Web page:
In writing the other day about our trip up the coast I said that in Carpenteria my wife and I ate lunch in a restaurant that offered a free desert if you weren't served in 10 minutes; we lost, I said, but my wife had a cream pie anyway.
As several readers have pointed out, with various degrees of sarcasm, desert should have been spelled dessert .
My wife was the first to point it out. She said, "You misspelled dessert."
I did not have to ask how I had misspelled it. I have made that same error before.
"If you and your wife had won the desert," writes Judy Carr of Santa Monica, "would you have chosen the Mojave, the Sahara, or what? Seriously, I'm disappointed and disillusioned that \o7 your \f7 proofreaders could make such a mistake."
My proofreaders did not make the mistake. I did. They merely overlooked it.
I always try to capitalize on my errors, and in this instance, having sinned myself, I feel free to point out that this kind of error--the use of a homonym or homophone for the word meant--is the most common error to be found in the pages of this newspaper, or any other.
A homonym is a word that is pronounced and spelled like another, but has a different meaning and a different origin: A common example: a \o7 pitch \f7 in baseball; black as \o7 pitch\f7 .
A homophone, which is the more common error, is a word that is pronounced like another but has a different spelling, origin and meaning. For example: \o7 to, too, \f7 and \o7 two\f7 . Also, a Mozart \o7 piece\f7 , and a lasting \o7 peace\f7 .
Believe it or not, I have read in The Times "some things no not the bounds of time" (in an ad); "his books have also peaked an interest"; "to tow the line"; "straight jacket"; "pouring over Bob Horner's batting average"; "stretch taught over cake"; "when we got their"; "you're emotions just take you away"; plus "quaffed" for "coiffed," "phase" for "faze," "kneed (of bread) for knead"; and "in vein" for "in vain."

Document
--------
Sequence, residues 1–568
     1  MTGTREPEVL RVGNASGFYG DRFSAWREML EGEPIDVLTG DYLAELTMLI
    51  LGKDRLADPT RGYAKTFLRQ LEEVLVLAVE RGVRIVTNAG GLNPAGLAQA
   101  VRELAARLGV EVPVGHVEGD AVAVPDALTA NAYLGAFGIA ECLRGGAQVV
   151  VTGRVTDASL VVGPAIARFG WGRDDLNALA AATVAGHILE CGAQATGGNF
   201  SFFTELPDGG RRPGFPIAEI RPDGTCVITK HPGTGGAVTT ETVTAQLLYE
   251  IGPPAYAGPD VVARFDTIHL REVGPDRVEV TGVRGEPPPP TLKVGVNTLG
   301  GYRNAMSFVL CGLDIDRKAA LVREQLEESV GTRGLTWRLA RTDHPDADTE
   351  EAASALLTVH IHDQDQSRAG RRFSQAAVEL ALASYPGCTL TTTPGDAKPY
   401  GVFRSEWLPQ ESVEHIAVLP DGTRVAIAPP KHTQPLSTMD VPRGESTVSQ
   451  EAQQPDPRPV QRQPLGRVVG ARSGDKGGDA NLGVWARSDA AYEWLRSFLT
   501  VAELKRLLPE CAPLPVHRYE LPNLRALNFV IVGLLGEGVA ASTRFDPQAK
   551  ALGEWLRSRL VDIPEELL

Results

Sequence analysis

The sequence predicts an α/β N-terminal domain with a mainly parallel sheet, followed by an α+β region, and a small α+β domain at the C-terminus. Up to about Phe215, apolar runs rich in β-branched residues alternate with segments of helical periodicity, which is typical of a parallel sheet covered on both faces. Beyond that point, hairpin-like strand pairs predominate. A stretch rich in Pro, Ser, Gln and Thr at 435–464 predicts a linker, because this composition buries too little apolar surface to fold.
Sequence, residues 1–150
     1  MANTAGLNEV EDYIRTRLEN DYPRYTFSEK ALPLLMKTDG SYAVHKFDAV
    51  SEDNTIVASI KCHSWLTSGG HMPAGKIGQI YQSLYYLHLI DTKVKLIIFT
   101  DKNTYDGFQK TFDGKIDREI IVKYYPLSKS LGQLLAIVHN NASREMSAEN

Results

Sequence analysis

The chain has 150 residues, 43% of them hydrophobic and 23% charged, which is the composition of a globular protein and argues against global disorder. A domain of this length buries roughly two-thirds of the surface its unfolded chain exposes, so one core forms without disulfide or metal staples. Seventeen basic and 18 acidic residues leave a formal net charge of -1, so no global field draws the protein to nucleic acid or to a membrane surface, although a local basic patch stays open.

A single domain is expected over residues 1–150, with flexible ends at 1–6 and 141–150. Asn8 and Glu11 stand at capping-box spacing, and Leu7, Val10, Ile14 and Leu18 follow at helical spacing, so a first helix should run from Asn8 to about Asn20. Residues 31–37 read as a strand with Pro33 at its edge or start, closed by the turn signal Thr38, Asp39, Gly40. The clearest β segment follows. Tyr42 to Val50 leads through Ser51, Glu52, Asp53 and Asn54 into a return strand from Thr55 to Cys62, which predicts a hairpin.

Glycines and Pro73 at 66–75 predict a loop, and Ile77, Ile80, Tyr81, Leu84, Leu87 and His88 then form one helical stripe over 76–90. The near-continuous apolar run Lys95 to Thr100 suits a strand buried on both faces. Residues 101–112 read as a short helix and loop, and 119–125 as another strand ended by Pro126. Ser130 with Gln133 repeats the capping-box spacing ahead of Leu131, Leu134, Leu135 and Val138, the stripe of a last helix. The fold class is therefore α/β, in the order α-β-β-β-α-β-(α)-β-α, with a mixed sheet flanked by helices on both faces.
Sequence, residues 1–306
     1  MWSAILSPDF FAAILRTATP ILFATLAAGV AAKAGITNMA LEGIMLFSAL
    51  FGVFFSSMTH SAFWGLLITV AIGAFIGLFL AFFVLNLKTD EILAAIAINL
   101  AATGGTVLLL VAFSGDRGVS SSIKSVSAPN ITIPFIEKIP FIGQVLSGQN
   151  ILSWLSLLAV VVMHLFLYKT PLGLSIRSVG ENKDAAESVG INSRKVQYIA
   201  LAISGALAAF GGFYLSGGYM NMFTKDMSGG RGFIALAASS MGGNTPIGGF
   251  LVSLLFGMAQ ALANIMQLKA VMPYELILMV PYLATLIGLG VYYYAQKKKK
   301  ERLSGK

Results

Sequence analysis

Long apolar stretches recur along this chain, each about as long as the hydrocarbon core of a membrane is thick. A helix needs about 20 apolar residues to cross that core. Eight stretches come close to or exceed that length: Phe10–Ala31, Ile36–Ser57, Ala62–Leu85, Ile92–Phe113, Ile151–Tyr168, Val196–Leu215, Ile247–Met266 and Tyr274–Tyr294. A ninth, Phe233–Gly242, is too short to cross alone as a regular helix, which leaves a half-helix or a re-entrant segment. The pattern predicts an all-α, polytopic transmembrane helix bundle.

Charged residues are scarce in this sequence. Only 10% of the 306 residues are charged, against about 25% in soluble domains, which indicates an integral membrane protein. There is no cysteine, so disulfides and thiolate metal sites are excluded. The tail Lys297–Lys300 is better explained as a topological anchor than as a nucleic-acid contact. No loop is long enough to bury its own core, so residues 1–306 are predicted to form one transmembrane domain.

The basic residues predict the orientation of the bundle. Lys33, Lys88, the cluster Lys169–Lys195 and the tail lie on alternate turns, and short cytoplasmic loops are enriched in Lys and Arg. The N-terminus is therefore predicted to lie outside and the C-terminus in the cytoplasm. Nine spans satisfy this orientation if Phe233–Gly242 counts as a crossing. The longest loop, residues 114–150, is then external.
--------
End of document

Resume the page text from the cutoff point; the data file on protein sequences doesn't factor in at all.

Those are just the tip of the iceberg. You can find two or three in every issue.
To give this kind of error a name, I coin the word \o7 homonymaly\f7 , since \o7 homonym \f7 is used loosely to include \o7 homophone\f7 . In fact, my \o7 desert \f7 was not a homonym for \o7 desert\f7 --an arid wasteland--as suggested by Judy Carr and others, because the two words are pronounced differently. The \o7 desert \f7 that sounds like \o7 dessert \f7 is a verb meaning to abandon, or a noun meaning one's just reward. So my spelling (\o7 desert\f7 was a homophone for the word I wanted (\o7 dessert\f7 ). It had the same sound as the word I wanted but a different spelling. (A homograph, to go further, is a word that is spelled like another but has a different origin and pronunciation (\o7 wind-wind\f7 ).
In fact, to punish myself still further, I must recall that a year or so ago, when writing about the Ojai Valley, I said that "the sun shown down." For that I do not expect to be forgiven, ever. Public scorn is my just desert (not \o7 dessert\f7 ).
Thanks to its author, Dora Newhouse, I have an extraordinary book called "The Encyclopedia of Homonyms (sound-alikes)," which represents a prodigious effort. Newhouse defines both homonyms and homophones as words that are pronounced alike but are different in meaning and usually in spelling.
In an epilogue, Newhouse notes that she did this work because, in teaching English as a Second Language, she received post cards from her pupils that said, "I am going to camp in too days," "There barber cut my hare to short and made me bawled," and "Fore quartz make a gallon."
"It was hard for me to believe," she says, "there was not a single reference book devoted to these misspelled, mispronounced, troublesome, tricky and confusing word plagues."
There may of course be more than two homonyms--\o7 to, too\f7 and \o7 two\f7 being one example. Don Pflueger of Claremont sends me another, from Ray Billington's "Limericks--Historical and Hysterical."
\o7 All the lady gnus at the zoo,
Were charmed by a young male gnu.
The old bull was distressed
To be thus dispossessed
By the tricks that the new gnu knew\f7
Isn't that a pistil?